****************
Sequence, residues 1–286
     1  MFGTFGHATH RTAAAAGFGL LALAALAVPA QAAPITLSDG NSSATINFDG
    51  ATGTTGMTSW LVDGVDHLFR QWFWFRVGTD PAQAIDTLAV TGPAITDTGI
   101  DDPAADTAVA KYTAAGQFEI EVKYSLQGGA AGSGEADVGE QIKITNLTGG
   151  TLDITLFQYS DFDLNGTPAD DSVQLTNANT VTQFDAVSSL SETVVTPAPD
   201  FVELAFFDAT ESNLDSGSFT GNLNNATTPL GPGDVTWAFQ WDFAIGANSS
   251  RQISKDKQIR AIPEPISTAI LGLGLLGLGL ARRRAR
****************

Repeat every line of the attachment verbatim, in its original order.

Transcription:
Sequence, residues 1–286
     1  MFGTFGHATH RTAAAAGFGL LALAALAVPA QAAPITLSDG NSSATINFDG
    51  ATGTTGMTSW LVDGVDHLFR QWFWFRVGTD PAQAIDTLAV TGPAITDTGI
   101  DDPAADTAVA KYTAAGQFEI EVKYSLQGGA AGSGEADVGE QIKITNLTGG
   151  TLDITLFQYS DFDLNGTPAD DSVQLTNANT VTQFDAVSSL SETVVTPAPD
   201  FVELAFFDAT ESNLDSGSFT GNLNNATTPL GPGDVTWAFQ WDFAIGANSS
   251  RQISKDKQIR AIPEPISTAI LGLGLLGLGL ARRRAR